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Identity and Living Heritage: Riches of the Colonial Transisthmian Route of Panama

Panama City, March 17 (EFE) – The proposal to designate the Colonial Transisthmian Route of Panama as a UNESCO World Heritage site seeks to enrich, integrate, and showcase the living heritage and identity of indigenous and Afro-Panamanian populations in its vicinity, all managed through consultations and public policies.

In an interview with Agencia EFE, Emma Gómez, General Coordinator of Intangible Cultural Heritage at Panama’s Culture Ministry (MiCultura), stressed the importance of citizen consultation in presenting a World Heritage candidacy. She said the consultation involves residents living around the monumental and environmental areas.

“In the consultation, we will integrate the living heritage around the site. This heritage must be involved and has been involved in the process. From the beginning, the populations will be taken into account,” Gómez explained.

Gómez described various types of populations in the vicinity, some living very close within the community, like in Portobelo (Caribbean) with the Congos and their culture, whose practices are part of the intangible heritage declared by UNESCO, and like Corpus Christi in Portobelo, part of Colón Province in northern Panama.

Also present are “all the carriers of gastronomy, both Afro-colonial and Afro-Antillean, which has merged in that area,” and around those monuments, especially in Portobelo, “people who are essential for appropriating that heritage in their daily lives, for rebuilding and narrating their own history.”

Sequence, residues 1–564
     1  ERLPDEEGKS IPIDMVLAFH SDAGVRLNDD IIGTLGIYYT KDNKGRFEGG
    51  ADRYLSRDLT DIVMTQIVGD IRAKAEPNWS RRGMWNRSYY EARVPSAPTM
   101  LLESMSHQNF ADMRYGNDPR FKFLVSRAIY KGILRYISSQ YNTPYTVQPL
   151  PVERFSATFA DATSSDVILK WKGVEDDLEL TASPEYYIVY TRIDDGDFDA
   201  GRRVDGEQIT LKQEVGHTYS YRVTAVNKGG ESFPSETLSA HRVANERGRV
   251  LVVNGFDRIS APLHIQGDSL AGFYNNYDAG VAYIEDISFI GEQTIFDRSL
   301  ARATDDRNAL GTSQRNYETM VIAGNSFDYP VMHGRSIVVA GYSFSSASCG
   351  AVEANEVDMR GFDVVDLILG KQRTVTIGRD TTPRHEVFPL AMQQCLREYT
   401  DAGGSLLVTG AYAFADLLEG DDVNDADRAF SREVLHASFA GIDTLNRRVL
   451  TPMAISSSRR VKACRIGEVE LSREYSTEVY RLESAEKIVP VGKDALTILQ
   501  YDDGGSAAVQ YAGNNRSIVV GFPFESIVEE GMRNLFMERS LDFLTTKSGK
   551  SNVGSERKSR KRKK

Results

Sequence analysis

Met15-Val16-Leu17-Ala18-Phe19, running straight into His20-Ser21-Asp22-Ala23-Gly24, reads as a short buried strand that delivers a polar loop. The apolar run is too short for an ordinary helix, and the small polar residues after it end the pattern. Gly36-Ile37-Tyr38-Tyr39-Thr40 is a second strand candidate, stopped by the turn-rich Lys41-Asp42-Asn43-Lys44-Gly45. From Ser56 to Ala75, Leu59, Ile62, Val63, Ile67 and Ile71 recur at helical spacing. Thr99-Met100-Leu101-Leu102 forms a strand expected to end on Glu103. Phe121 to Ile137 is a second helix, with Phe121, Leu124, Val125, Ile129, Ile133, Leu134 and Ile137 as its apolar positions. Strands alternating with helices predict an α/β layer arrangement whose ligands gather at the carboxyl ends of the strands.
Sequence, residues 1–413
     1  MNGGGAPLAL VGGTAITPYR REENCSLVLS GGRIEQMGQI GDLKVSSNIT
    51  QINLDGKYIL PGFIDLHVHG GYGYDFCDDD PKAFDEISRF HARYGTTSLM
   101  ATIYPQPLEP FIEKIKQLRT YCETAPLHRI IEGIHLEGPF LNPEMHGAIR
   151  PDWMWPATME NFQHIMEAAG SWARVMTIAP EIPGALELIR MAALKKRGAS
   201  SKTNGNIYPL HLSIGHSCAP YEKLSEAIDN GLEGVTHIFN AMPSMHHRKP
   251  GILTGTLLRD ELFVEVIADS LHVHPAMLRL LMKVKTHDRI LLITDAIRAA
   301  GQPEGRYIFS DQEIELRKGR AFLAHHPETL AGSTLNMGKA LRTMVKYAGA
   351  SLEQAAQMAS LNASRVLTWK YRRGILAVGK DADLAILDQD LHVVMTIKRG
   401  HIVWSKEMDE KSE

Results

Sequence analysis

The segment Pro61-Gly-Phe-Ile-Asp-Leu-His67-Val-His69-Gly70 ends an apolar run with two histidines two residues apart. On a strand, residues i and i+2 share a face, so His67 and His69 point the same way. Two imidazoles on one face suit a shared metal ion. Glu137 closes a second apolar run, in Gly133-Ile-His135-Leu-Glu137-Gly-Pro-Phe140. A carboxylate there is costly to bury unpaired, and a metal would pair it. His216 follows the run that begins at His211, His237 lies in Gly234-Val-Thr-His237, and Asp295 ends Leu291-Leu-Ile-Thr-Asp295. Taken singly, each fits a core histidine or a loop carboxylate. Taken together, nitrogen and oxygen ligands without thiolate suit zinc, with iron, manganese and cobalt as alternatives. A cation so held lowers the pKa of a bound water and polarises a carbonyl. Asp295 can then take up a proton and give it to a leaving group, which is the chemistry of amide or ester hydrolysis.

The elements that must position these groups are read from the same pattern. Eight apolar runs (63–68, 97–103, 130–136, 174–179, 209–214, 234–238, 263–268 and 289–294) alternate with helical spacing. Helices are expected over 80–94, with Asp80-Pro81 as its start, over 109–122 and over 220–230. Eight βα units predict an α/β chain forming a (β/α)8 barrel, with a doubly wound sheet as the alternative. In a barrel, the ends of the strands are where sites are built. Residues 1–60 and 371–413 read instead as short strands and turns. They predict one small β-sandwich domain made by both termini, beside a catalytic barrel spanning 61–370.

Additionally, there are Emberá indigenous communities on the banks of the Chagres River, which flows out in front of the San Lorenzo el Real Castle. “Although they are not as close, it is an area that will be developed for tourism.”

These are the communities “that live in the vicinity and will greatly benefit from the colonial route as part of the world heritage, at least in its current structure as the Colonial Transisthmian Route.”

“A heritage site cannot be isolated; it must be a place where children and heritage representatives are taught how to live around that monument, how to support it,” Gómez said. This is achieved “through public policies involving communities, offering training, funds, scholarships, so that they become custodians in these areas and help integrate the communities.”


The Colonial Transisthmian Route of Panama comprises a series of monuments, sites, and historic cities, including the Archaeological Site of Panama Viejo and the Historic District of Panama (World Heritage since 1997), the Fortifications of Panama’s Caribbean Coast: Portobelo and San Lorenzo (on the List of World Heritage in Danger since 2012), and the colonial roads connecting them: the Camino de Cruces and the Camino Real.

The dossier “with the first stage” was submitted in February to UNESCO, which in March provided its “first positive observation” that the dossier “is complete,” Gómez said, noting that a “decision” could be made by December 2024, as the entire 2023 and part of 2024 “will be under evaluation.”

In July 2019, UNESCO’s World Heritage Committee postponed the inscription of the Panamanian proposal, awaiting a revised proposal from Panama that met a series of recommendations. The Committee requested a proposal that would justify the exceptional universal value of the route and guarantee long-term financial sustainability for the conservation and management of these sites through the adequate allocation of funds.

The nomination seeks to make the Route a material cultural heritage, according to MiCultura. The country already has natural heritage sites such as Darien National Park and Coiba National Park, as well as intangible cultural heritage declarations like the traditional “pintao” hat and expressions related to Congo culture and Corpus Christi. EFE



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